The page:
Education is tough! Teachers are often pushed to achieve feats that they could never have dreamed were possible. So, how can they have extra time left over, when there is so much for them to do? Actually, under planning for a lesson is a common mistake. While committing this mistake is common, no teacher wants to commit it and then have their principal walk into their room, and there is nothing being done.
Thus, time killer lessons are crucial when a teacher is in a pinch and needs something to do that is easy and effective. Unfortunately, there is no book that explains good time killer lessons. Luckily for you, you have the benefit of this article and years of educator experience to rely upon.
Below are several time killer lessons and the classrooms that they are most applicable to. Try one, before the end of the year. You may be pleasantly surprised by the beauty of the lesson.
Used in ALL classrooms
Logic puzzles are a fun, fast and easy way to extend problem solving and critical thinking skills. These are perfect for Gifted and Talented classrooms, but can be used in all classes. You may want to begin with simple riddles like: There were two Americans waiting at the entrance to the British Museum. One of them was the father of the other one’s son. How could this be so? A Mind Benders or Perplexor book is perfect as well! Try several different types of puzzles in one packet.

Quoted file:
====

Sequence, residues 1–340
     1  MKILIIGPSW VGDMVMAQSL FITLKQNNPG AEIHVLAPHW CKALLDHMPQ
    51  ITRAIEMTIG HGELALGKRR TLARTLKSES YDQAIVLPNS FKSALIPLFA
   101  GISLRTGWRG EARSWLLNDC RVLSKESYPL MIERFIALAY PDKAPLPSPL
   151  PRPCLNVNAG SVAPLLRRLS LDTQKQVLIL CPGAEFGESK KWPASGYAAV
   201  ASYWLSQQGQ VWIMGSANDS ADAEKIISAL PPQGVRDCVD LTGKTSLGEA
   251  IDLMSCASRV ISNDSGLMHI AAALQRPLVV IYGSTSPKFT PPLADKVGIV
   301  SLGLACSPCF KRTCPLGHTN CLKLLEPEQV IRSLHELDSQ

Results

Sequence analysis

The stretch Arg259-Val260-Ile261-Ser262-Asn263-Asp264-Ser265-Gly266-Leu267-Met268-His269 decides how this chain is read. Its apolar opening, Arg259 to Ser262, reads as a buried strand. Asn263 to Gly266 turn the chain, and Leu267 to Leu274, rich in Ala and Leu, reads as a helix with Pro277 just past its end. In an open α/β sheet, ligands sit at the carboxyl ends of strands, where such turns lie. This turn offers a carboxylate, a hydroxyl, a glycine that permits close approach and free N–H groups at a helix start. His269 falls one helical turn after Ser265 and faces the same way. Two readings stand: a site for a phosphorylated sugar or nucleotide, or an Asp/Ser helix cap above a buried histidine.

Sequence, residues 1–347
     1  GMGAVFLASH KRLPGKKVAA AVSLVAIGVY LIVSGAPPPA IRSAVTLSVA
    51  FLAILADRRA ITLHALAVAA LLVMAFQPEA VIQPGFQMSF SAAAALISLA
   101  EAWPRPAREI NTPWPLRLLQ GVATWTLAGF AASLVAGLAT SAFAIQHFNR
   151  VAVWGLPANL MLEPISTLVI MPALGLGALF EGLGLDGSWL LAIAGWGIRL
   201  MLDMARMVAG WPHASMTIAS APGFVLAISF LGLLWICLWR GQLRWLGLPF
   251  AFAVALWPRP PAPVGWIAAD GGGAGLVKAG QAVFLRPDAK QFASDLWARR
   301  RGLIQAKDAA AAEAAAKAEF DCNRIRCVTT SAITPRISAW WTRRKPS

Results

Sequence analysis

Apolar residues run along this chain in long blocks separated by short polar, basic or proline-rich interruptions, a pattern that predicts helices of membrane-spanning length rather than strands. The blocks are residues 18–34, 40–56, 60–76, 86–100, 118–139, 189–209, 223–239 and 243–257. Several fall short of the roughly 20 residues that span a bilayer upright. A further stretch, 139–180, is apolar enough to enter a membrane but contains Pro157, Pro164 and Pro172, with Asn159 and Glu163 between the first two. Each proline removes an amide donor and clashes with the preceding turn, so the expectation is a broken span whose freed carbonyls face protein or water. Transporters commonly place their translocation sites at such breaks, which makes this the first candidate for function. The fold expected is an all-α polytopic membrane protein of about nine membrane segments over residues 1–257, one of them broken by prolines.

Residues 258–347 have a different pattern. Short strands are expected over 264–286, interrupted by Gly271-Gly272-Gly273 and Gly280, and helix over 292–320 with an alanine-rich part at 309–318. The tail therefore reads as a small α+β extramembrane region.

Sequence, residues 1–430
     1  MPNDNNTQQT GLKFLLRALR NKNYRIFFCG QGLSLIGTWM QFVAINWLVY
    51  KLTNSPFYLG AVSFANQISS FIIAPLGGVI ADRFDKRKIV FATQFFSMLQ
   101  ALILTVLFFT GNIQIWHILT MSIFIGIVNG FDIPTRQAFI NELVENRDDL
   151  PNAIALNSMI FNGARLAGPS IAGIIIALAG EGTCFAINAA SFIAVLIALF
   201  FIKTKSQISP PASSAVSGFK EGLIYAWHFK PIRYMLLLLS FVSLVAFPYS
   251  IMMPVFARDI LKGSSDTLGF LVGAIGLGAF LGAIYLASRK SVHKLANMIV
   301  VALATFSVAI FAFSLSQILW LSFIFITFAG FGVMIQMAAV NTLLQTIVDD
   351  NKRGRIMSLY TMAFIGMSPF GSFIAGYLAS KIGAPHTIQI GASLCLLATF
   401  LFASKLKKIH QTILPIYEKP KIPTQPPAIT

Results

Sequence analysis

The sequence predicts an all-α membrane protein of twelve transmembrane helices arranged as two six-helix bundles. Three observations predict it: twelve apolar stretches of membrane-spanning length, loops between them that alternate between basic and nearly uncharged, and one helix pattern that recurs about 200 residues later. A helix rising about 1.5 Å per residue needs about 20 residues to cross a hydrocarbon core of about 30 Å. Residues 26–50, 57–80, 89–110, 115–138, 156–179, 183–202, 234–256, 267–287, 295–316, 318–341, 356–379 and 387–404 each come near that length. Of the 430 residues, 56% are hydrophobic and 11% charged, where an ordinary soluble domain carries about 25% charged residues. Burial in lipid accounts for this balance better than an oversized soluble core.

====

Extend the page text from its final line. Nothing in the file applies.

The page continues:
Used in Language Arts and Reading Classes
Every student can use additional writing practice. Journals are a great way to practice writing and you do not need to put a lot of effort into creating them. If your students need help with creative writing, try leaving them a journal topic like “Finish the Story below” or “Write a story about this picture”. These creative topics are awesome for getting a student’s creative juices flowing. They will love making their own stories and being able to have few guidelines in their writing does a lot to boost writing skills.
Used in Gifted/ Talented and Math Classes
Math Dice can be bought from stores like Mindware.com or Barnes and Noble, for a little over $6.00. These dice are great for teaching problem solving and number sense skills. Students throw the dice and have to create the product of the two die that were rolled, out of three other die that are rolled. Basically, this game is like a smaller version of the classic math game, “24”. You students will love the competition and the problem solving fun.